The contrast between good and bad weather behaviour is very noticeable in pigs. According to legend, pigs can see the wind. This is such a fearful experience that an approaching storm causes pigs to rush around in a frenzy, tossing sticks and straws hither and thither: When pigs carry sticks/ The clouds will play tricks; / When they lie in the mud, / No fears of a flood.
Spiders deserve a special mention as their webs - constantly monitored - provide an up-to-the-minute forecast. When conditions promise to be warm and dry, spiders industriously spin a large web, but if bad weather looms they keep their webs small, or even destroy them.
Alongside animal and plant indicators, there are various everyday omens of eather change. When rain is on the way, ditches and drains stink, stone walls and floors sweat, rheumatic pain worsens, ropes made of natural fibres shrink, smoke hangs in the air, soot falls down the chimney and distant landscapes seem clear and close.
In the past, lists of signs were put together in easy-to-learn poems. The following extract is from one such poem, by Erasmus Darwin - Charles' grandfather: The walls are damp, the ditches smell / Closed is the pink-eyed pimpernel. / Hark! How the chairs and tables crack. / Old Betty's joints are on the rack . . . / Loud quack the ducks, the peacocks cry, / The distant hills are looking nigh . . .
Red sunsets, cotton-wool clouds, croaking frogs, damp flagstones . .. signs like these all relate to today and tomorrow and, for short-term forecasting, traditional weather lore is relative reliable. But long-range predictions are a different matter.
Often, sayings that look beyond are really about the present or past. For example, country lore holds that when rooks build their nests high in the tree tops, the summer will be good. More prosaically, it shows that conditions were calm at nesting time and also that last year's rookery had survived the winter and could be refurbished satisfactorily.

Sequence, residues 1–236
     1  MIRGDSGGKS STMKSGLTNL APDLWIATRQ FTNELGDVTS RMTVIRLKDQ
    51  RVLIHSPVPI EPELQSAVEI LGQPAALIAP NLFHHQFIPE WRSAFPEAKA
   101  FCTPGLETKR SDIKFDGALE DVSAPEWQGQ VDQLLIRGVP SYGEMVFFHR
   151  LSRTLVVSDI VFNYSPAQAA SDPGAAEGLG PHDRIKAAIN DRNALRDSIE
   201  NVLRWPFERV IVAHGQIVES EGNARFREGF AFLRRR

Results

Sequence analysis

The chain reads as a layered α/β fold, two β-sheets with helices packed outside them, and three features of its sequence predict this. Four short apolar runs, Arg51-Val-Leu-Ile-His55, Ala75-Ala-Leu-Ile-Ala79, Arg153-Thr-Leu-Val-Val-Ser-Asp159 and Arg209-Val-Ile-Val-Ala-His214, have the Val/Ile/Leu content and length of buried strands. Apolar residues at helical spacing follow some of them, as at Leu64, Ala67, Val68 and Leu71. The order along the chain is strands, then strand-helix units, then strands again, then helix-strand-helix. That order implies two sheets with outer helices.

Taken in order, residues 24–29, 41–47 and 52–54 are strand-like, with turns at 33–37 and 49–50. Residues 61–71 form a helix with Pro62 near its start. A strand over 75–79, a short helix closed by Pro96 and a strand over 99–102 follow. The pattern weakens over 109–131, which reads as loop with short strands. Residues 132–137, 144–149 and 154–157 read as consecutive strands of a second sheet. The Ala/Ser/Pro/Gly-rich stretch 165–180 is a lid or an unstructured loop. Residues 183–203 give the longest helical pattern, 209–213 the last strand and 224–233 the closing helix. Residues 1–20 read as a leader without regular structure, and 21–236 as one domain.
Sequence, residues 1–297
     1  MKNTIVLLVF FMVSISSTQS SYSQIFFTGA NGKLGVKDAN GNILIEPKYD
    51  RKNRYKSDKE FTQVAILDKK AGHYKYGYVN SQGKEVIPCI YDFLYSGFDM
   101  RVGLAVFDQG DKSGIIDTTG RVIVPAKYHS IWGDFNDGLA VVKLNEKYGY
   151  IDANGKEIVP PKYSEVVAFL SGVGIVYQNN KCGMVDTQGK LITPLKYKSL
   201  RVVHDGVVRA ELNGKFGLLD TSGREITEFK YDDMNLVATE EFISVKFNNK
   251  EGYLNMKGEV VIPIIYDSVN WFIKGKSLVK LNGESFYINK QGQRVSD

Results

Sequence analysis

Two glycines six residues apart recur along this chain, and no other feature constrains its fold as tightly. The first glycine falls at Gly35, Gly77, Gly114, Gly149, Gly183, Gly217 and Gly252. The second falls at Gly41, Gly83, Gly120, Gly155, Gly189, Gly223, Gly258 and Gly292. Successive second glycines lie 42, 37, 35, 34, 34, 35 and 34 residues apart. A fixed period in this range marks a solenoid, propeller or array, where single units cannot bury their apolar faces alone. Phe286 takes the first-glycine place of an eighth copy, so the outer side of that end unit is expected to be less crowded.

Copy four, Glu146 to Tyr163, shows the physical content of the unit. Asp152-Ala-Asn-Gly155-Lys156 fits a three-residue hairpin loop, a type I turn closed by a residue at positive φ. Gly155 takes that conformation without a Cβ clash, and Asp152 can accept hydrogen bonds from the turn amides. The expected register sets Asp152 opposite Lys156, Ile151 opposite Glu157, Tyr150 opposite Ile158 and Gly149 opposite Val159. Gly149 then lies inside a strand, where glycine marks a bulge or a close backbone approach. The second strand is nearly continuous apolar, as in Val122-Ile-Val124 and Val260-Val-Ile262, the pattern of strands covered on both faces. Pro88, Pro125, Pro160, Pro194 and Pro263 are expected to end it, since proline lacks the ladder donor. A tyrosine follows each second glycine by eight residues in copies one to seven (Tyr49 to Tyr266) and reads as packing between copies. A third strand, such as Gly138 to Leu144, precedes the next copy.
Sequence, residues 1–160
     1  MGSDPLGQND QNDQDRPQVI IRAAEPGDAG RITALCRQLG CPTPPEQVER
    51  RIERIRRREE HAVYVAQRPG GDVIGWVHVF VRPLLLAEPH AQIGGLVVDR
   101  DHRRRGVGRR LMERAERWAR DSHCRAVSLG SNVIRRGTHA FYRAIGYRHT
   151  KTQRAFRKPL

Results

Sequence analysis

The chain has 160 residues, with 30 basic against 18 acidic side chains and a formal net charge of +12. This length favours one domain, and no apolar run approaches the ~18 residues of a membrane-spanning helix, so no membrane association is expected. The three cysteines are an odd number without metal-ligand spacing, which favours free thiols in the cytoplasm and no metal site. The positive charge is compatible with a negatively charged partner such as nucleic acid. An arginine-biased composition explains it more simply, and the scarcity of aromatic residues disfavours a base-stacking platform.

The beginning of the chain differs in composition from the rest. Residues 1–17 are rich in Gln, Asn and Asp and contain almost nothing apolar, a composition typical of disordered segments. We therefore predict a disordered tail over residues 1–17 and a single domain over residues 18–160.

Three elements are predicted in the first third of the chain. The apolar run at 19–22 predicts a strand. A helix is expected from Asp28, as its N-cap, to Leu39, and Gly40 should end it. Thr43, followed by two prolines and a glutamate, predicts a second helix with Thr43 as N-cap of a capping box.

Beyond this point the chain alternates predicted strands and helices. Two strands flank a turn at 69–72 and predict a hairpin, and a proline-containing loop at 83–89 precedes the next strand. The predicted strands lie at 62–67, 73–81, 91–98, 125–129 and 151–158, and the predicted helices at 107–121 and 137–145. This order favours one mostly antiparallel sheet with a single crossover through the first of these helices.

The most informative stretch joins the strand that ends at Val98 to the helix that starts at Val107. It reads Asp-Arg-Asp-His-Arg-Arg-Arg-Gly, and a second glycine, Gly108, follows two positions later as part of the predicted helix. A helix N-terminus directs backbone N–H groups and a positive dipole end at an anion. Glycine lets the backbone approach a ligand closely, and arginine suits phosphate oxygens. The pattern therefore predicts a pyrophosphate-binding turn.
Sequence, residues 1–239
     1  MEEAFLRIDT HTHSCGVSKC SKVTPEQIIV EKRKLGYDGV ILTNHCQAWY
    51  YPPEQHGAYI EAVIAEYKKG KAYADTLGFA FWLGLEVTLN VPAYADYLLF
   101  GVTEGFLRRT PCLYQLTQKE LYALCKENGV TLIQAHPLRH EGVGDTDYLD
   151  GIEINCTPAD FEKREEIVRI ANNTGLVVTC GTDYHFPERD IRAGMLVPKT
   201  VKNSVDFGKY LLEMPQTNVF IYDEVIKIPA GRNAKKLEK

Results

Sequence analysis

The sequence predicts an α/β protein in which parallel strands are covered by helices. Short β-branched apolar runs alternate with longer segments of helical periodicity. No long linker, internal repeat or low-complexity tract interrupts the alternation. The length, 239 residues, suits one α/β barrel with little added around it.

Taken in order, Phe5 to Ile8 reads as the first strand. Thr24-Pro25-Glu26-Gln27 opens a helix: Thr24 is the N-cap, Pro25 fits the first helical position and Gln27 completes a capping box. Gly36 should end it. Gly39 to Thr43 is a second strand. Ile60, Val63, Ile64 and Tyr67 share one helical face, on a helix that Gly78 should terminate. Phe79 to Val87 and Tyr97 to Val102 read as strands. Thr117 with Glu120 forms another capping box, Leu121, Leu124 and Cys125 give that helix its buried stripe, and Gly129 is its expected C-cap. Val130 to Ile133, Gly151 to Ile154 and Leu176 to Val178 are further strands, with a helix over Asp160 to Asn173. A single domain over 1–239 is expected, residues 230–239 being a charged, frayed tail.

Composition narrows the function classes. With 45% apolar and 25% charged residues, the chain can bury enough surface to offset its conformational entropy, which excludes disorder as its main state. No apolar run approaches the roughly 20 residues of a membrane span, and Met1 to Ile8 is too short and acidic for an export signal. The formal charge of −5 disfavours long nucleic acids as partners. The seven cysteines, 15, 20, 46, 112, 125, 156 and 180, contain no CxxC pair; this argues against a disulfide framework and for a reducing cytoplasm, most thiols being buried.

Oak before Ash
And then there's the belief that holly trees laden with berries herald a hard winter. Not so. The abundance of berries reflects mild, moist weather in the preceding spring and summer. Similarly, Oak before ash, only a splash; Ash before oak, expect a soak, highlights past not future weather. If autumn and winter have been wet, the oak is always in leaf before the ash - and summer will not necessarily be dry.
Equally doubtful are predictions associated with specific days. The most famous of these, dating from the 10th century, recalls how St Swithin caused a 40-day downpour in protest at his remains being transferred from a graveyard to inside Winchester Cathedral. In consequence, rain on St Swithin's feast, 15 July, is said to guarantee rain for the next 40 days. Records reveal otherwise.
Many saints' days and religious festivals have similar links with the weather, however all are unproven. A random selection shows that a fine St Paul's day (25 January) ensures a year of good weather, while Ash Wednesday's wind lasts throughout Lent; conditions on Ascension Day prefigure the autumn and 'as at Catherine (25 November) foul or fair, so will be next February'.
Even some non-religious days were thought to be significant, like 1 January. One very old tradition defines the year's weather according to which day of the week it starts.
Almost as improbably are sayings that link one month to another, such as 'a warm October, a cold February', 'as November, so March', or 'a wet June makes a dry September'.
A few long-range predictions, however, do contain an element of truth. Take: 'If there's ice in November to hear a duck / There'll be nothing after but sludge and muck'. Following a very cold spell in November, the ground is unlikely to thaw properly and winter's wet weather will certainly create plenty of 'sludge and muck'.
And then there is the well-known warning that 'when March comes in like a lamb, it goes out like a lion' (or vice versa). March, at the end of the northern hemisphere winter, does experience very variable weather.
Dr Johnson once said that when English people meet, their 'first talk is of the weather' - undoubtedly because it is so varied. That same diversity has given us a wealth of weather wisdom which, like much traditional lore, retains some relevance. In these days of global warming and climate change, it's worth recalling a saying that emphasises the weather's capacity to sort itself out: Be it dry or be it wet, The weather'll always pay its debt'.
From an article by Catherine Dell
See also: The Rough Guide to Weather by Robert Henson (http://www.amazon.co.uk/Rough-Guide-Weather-Robert-Henson/dp/1858288274)